'NY Times' 'Stopped the Presses' Sunday; Only 3rd Time Since Vietnam

Jonathan Torgovnik/Getty Images(NEW YORK) -- News of Osama bin Laden's death came late on Sunday night – not too late for broadcasters or new media outlets, but it almost missed the morning papers.

The fabled phrase seems quaint now, but at The New York Times on Sunday night, a top editor called out, "Stop the presses!"

The paper says it has only happened two other times since the 1960s: once when Lyndon Johnson announced that he would not run for re-election, and again when it was unclear who won the 2000 election.

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Osama Bin Laden Evidence Trove: US Hopes to Follow Money Trail

AFP/Getty Images(WASHINGTON) -- U.S agents charged with disrupting and dismantling al Qaeda are hoping Sunday's harrowing raid of Osama bin Laden's Pakistani compound yields valuable financial clues that could help them expose the underpinnings of the entire organization, including the identities of the major donors who have bankrolled the terror network.

American authorities are ready to follow the money, experts say, hoping detailed ledgers and financial records were scooped up during the raid in which bin Laden was killed. They say any wealthy financiers whose donations helped support the bin Laden terror network now have reason to be nervous.

"Al Qaeda has traditionally been funded by deep-pocket donors," said Stuart Levy, who served as the Treasury Department's undersecretary for terrorism and financial intelligence and is now a senior fellow at the Council on Foreign Relations. "If people have been giving money, and they don't know yet whether their name is being identified in this intelligence, or that their name might be on a list of potential donors, they might have real reason to worry."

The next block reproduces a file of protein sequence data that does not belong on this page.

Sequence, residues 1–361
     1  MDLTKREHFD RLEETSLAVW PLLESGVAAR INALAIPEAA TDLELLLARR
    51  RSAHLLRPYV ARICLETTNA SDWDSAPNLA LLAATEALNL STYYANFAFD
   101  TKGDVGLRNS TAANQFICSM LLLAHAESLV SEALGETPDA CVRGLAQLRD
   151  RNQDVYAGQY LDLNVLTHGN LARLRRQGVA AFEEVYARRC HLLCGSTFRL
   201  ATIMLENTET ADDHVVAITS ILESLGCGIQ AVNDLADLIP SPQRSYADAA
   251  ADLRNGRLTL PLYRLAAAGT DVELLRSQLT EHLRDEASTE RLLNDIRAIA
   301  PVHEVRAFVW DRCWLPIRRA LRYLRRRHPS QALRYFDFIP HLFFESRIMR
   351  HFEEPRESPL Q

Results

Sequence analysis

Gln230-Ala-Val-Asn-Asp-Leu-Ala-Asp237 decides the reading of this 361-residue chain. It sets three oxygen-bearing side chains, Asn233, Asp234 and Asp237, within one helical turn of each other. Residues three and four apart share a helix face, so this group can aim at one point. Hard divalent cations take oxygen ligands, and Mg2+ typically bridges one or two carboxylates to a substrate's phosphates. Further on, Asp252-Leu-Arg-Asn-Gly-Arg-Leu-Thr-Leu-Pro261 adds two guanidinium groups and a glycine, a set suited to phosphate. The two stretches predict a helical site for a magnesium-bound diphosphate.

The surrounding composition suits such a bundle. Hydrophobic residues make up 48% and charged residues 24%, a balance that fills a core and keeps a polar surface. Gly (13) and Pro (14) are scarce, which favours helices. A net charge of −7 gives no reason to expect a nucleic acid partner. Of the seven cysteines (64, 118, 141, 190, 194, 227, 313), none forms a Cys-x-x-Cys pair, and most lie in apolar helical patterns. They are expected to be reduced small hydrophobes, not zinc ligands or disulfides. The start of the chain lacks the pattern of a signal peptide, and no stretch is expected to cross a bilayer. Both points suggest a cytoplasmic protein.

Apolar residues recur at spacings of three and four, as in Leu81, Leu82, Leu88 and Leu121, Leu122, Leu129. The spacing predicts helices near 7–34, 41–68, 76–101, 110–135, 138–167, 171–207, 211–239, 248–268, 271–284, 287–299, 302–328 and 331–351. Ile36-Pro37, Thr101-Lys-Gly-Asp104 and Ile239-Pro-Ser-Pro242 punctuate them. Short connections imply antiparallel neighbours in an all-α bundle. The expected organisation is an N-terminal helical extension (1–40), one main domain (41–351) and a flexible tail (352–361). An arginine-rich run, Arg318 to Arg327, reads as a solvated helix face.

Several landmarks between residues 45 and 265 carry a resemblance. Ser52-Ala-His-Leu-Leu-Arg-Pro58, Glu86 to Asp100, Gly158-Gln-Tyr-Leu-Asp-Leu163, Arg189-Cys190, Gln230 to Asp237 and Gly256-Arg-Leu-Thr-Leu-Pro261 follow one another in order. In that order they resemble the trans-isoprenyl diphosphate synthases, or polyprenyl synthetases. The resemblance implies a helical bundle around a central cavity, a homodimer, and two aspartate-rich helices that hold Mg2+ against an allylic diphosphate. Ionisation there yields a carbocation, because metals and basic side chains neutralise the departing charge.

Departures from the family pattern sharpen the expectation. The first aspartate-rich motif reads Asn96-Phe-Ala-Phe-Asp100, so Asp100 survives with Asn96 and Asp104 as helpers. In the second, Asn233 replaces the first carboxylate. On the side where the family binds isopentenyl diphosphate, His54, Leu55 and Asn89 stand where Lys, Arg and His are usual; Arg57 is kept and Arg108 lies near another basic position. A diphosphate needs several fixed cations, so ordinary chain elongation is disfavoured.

Top counterterror officials said the Navy SEALs who conducted the raid on bin Laden's fortified lair did not leave empty handed. But they have not disclosed what exactly they carried away along with bin Laden's corpse.

John Brennan, the president's chief counterterrorism advisor, told reporters the military team "took advantage of their time there to make sure that we were able to acquire whatever material we thought was appropriate."

He wouldn't describe in detail what they found, but said the quantity of the material was not as encouraging as its quality. A special CIA team has been designated to go through it.

"We feel as though this is a very important time to continue to prosecute this effort against al-Qaida, take advantage of the success of yesterday and to continue to work to break the back of al-Qaida," Brennan said.